Now as far as the remainder of your answers go, not knowing your infrastructure, but taking a W.A.G. at it, I will say you probably don't have category 6 cabling yet, so upgrading there should be in your to do list as well...

While your current needs won't hardly tax the router I presently own, a Cisco / Linksys EA2700, I don't recommend them moving forward. Cisco sold off their home networking business to concentrate on Enterprise level stuff, and they sold their Linksys division to Belkin. I honestly do NOT like their stuff from a quality standpoint. This is just my opinion, don't take it for gospel, but from my perspective (I have been working in I.T. for 15 years now). Belkin makes things that look nice, but work poorly.

So what do I recommend you might ask?

I am seeing a LOT of positive reports on the Netgear R6300 ($199.00 at Amazon). This router features 4 gigabit uplink ports, 802.11ac simultaenous dual band 1750mbps WiFi, usb, DNLA, etc...

Likewise, for maybe $10.00 or so less, the Asus RT-AC66U is getting tons of very positive feedback.

The drawback to those two routers is also their advantage. The WiFi technology they use isn't "final release" but instead "draft", which means it is possible it will change. If past history is any indicator though, once final of the AC standard is released, the MFGs will release firmware updates to comply with the standard.

If you aren't comfortable with bleeding edge technology, an N900 router such as the Netgear WNDR5400 $149.99 on Amazon, or the Asus RT-N66U offers all the same benefits of the prior mentioned models, but featuring the Wireless N simultaneous dual band 900mbps standard.

It's a VERY hard choice to recommend one over the other. The AC1750 would be nice in the next few years, but there is some risk to it. The final release of the standard may be beyond what the MFG wants to support, and updated firmware might not be in the offerings.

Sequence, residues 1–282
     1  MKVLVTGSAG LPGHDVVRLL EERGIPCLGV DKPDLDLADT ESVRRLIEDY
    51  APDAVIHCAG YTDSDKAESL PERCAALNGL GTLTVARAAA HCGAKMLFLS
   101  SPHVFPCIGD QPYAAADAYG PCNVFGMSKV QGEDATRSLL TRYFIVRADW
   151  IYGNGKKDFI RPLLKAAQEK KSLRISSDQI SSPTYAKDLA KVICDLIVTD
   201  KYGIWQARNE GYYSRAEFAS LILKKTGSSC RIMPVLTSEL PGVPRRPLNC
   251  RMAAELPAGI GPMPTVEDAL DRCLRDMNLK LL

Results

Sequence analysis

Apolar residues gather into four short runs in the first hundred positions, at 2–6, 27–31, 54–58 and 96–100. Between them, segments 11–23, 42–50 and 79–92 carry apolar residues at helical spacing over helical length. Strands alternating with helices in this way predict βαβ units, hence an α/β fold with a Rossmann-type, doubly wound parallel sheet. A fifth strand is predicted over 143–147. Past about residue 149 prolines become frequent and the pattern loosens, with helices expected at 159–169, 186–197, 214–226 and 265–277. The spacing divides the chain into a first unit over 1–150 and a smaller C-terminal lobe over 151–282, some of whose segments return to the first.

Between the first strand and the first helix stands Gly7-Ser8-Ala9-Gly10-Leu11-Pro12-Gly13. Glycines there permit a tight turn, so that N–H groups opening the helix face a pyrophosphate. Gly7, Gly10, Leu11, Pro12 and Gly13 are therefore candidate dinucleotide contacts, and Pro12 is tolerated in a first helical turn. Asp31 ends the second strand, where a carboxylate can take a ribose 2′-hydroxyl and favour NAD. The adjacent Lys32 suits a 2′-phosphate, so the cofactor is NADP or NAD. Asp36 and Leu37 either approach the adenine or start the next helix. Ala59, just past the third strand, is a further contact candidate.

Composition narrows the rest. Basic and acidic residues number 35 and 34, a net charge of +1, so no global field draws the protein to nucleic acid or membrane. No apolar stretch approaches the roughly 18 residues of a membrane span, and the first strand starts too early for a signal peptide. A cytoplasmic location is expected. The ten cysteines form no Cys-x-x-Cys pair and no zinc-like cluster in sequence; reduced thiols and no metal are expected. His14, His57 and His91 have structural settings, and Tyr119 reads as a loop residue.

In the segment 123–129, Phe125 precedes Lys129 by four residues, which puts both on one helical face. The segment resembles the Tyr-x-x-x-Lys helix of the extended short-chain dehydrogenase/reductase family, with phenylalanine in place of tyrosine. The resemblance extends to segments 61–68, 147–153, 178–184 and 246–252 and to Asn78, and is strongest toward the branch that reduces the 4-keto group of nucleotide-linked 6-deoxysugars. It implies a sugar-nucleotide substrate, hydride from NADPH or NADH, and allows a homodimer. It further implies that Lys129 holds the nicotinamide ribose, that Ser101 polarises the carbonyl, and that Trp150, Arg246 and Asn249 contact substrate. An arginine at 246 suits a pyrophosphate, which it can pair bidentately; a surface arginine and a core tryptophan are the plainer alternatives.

With the N900 standard, it is already established, and most client connections haven't caught up with the speed. (N900 adapters are rare. N300 is what I see the most of...)

Just in case you are wondering, I mentioned my "current" router above. I want to upgrade to one with DNLA support / usb connectors, and even though I like the Asus, I am personally leaning toward the Netgear for my next router...

If it weren't for the selling out of Linksys to Belkin, I would hop on a Cisco / Linksys EA4500 as my first choice. I honestly fear for that company and the quality of the products and support over the next few years.
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February 18, 2013 8:10:39 AM

Thank you, I really appreciate the input and info. I hope that one of these will solve my problem. If you look back at this thread, would you mind giving me your opinion on if my problem of the 2 mbs download speed clogging up my 25 mbs internet is the router?

Again, I really appreciate the input.
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February 18, 2013 8:10:47 AM

Best answer selected by shuai_ma.